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12V-24V High-Current DC Motor Speed Controller, Pt.1

This 12V or 24V high-current DC Motor Speed Controller is rated at up to 40A (continuous) and is suitable for heavy-duty motor applications. All control tasks are monitored by a microcontroller and as a result, the list of features is extensive.

Pt.1: By Mauro Grassi

This completely new speed controller is based on a PIC16F88 microcontroller. This micro provides all the fancy features such as battery monitoring, soft-start and speed regulation. It also monitors the speed setting potentiometer and drives a 4-digit display board which includes two pushbuttons.

Main Features

  • Good speed regulation under load

  • Automatic soft-start and fast switch-off

  • Eight memory settings

  • 4-digit 7-segment display

  • Variable frequency for pulse width modulation (PWM)

  • Battery level meter

  • Low-battery alarm

  • Persistent settings & defaults

  • Rated up to 40A continuous current

  • 12-24V DC input voltage

  • The 4-digit display board is optional but we strongly recommend that you build it, even if you only use it for the initial set-up. It unlocks the full features of the speed controller and allows all settings to be adjusted. The microcontroller will detect whether the display board is connected and if not, the speed controller will support only the basic functions. In this simple mode, it will function as a simple speed regulated controller with automatic soft-start and with the speed being directly controlled by a pot (VR1). All the other settings will be the initial defaults or as last set (with the display board connected).

    When connected, the 4-digit display allows you to monitor the speed and the input voltage (useful when running from a battery). It also enables you to navigate through the various menus to adjust the settings.

    The circuit can run from 12V or 24V batteries and can drive motors (or resistive loads) up to 40A. Furthermore, this is our first DC speed controller (except for out train controllers) incorporating speed regulation under load. In other words, a given motor speed is maintained, regardless of whether the motor is driving a heavy load or not.

    Monitoring the back-EMF

    In speed controllers which do not have good speed regulation (ie, the vast majority of designs), the more a motor is loaded, the more it slows down. In order to provide speed regulation, the circuit must monitor the back-EMF of the motor, since this parameter is directly proportional to its speed.

    As a result, our new speed controller monitors the back-EMF of the motor. "Back-EMF" is the voltage generated by any motor to oppose the current through the windings. EMF stands for "electromotive force" and is an obsolete term for voltage. Back-EMF is directly proportional to the motor speed and so by monitoring this parameter, we have a means of controlling and maintaining the motor speed.

    In practice, the main control loop of the microcontroller tries to match the speed of the motor (back-EMF) to the speed set by the pot or recalled from a preset memory. If the measured speed is lower than the set speed, the duty cycle of the pulse width modulation (PWM) signal used to drive the power Mosfets that control the motor is gradually increased. In other words, if the speed tends to drop, more power is fed to the motor and vice versa.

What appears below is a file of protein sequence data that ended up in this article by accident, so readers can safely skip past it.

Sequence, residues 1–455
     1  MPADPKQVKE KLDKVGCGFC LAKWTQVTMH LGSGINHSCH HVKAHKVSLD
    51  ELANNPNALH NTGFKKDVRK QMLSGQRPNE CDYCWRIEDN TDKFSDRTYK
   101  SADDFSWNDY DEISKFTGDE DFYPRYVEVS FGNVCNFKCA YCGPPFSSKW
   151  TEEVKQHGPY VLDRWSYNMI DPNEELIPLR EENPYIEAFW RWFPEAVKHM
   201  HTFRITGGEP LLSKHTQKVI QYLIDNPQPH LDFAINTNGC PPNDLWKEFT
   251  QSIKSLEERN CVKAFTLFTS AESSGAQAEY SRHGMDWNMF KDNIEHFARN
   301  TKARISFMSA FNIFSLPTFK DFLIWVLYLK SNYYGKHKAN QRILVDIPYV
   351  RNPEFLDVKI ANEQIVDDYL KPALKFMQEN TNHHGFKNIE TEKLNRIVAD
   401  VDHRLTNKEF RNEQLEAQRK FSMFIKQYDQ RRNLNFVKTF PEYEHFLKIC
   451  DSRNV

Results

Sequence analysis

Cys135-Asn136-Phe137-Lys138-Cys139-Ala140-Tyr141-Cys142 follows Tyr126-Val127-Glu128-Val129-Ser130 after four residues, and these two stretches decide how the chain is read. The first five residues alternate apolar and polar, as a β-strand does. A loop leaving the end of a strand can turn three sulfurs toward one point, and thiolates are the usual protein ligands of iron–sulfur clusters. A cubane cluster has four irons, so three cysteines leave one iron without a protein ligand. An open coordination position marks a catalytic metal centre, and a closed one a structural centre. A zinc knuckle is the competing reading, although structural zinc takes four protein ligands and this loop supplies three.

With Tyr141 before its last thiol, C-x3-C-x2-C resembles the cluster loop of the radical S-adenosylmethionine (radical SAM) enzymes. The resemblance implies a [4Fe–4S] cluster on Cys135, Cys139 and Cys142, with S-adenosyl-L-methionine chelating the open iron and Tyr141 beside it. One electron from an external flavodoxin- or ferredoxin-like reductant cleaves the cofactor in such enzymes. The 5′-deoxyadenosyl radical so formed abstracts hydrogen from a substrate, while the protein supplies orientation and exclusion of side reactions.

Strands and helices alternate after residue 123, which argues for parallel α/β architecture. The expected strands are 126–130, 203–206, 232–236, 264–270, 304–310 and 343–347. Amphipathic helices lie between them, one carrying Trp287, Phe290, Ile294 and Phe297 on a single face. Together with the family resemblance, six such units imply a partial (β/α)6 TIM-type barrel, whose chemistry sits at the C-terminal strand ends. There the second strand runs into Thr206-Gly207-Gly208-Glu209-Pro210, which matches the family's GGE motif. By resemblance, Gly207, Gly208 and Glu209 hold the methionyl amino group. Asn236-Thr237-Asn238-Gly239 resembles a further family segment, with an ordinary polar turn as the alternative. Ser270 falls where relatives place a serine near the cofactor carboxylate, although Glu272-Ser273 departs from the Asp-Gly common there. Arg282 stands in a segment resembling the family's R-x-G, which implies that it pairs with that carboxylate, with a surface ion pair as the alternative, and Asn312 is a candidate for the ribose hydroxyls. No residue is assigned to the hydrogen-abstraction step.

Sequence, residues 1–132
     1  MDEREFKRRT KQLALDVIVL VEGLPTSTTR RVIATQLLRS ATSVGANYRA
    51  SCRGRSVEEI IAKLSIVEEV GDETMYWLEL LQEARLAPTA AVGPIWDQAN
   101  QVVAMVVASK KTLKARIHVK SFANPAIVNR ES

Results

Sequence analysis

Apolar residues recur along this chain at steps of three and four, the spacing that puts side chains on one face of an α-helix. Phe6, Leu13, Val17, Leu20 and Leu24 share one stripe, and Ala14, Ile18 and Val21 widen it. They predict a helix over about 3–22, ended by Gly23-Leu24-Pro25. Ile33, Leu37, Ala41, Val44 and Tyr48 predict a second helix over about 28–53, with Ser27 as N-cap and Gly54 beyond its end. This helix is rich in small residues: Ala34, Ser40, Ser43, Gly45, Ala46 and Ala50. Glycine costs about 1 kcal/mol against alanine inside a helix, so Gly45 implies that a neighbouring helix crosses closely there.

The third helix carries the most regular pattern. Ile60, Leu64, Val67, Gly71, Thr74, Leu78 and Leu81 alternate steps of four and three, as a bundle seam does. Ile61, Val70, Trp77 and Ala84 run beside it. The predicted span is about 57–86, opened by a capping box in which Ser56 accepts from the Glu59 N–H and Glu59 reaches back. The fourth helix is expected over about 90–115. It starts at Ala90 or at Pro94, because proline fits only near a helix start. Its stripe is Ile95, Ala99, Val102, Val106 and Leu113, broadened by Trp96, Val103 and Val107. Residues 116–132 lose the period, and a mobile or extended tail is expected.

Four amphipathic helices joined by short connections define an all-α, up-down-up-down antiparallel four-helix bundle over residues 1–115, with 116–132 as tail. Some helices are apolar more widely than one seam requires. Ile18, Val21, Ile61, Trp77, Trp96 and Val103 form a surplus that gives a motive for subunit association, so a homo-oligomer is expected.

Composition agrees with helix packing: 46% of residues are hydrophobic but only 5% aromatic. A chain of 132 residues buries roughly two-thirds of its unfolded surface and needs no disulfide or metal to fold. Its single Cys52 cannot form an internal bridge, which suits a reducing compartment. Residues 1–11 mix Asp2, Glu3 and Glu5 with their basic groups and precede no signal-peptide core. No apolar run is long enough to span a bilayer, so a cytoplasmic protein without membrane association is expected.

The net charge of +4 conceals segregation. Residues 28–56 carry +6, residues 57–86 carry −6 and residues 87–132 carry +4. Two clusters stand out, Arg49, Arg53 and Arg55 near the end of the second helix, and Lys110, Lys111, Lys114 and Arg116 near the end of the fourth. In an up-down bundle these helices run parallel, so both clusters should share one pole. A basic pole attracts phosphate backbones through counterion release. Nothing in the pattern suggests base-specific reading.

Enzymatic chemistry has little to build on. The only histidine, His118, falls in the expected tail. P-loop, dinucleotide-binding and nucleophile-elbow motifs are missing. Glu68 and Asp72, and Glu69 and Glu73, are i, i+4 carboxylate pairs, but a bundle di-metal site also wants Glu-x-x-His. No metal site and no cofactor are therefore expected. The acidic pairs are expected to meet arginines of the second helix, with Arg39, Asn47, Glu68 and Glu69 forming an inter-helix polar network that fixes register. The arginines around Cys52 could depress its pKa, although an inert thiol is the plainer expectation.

The frequency of the pulse width modulation can be set from 488Hz to 7812Hz. This is a useful feature since different motors will have different frequency responses, as well as different resonant frequencies. This is important to reduce the audible buzzing from the pulse width modulation, as these frequencies are well within the range of hearing.

    By now you’re probably wondering how the microcontroller monitors the back-EMF of the motor, considering that the motor is continuously driven with pulse-width modulated DC. The answer is that the micro periodically turns off the PWM signal to the motor for just enough time for the back-EMF to stabilise. This "window" needs to be wide enough to ensure that we are measuring back-EMF and not the spike generated by the last PWM pulse. On the other hand, we don’t want the window so wide that the maximum power to the motor is significantly reduced or that the motor noticeably slows.

    The compromise value is that the motor is monitored for 200ms every 7.4ms (ie, about 135 times a second), as shown in the scope diagrams in this article. As a result, the fact that we do monitor the back-EMF around 135 times a second means that the power applied to the motor is slightly less than the theoretical maximum, although this effect is negligible.

    A low-battery alarm is also incorporated to warn when the battery level drops below a preset value. This is especially useful for applications like electric wheelchairs.

    There are also eight memory speed settings. All settings are persistent, meaning they are retained in non-volatile memory.

    Click for larger image
    Fig.1: the circuit uses PIC16F88 microcontroller IC1 to provide PWM drive to power-Mosfets Q5-Q8 which in turn control the motor. The microcontroller also monitors the back-EMF from the motor, to provide speed regulation. IC2 is a DC-DC switchmode converter and this provides a +5V rail to power IC1.

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